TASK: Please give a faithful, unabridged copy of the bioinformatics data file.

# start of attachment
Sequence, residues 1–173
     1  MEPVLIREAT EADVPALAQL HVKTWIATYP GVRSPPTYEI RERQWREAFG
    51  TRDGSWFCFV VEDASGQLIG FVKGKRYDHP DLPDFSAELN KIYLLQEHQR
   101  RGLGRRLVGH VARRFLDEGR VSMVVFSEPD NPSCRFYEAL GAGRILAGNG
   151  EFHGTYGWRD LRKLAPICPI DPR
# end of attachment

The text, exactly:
Sequence, residues 1–173
     1  MEPVLIREAT EADVPALAQL HVKTWIATYP GVRSPPTYEI RERQWREAFG
    51  TRDGSWFCFV VEDASGQLIG FVKGKRYDHP DLPDFSAELN KIYLLQEHQR
   101  RGLGRRLVGH VARRFLDEGR VSMVVFSEPD NPSCRFYEAL GAGRILAGNG
   151  EFHGTYGWRD LRKLAPICPI DPR